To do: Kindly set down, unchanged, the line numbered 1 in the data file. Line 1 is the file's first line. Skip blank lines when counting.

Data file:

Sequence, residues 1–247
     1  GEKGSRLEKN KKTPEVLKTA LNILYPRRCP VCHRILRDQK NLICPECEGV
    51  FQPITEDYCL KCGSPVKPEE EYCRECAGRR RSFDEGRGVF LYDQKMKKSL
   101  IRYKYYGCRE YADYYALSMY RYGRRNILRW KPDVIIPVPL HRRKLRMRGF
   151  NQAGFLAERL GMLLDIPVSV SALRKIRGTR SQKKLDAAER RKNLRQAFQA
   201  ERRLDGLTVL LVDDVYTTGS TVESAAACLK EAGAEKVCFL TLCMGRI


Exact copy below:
Sequence, residues 1–247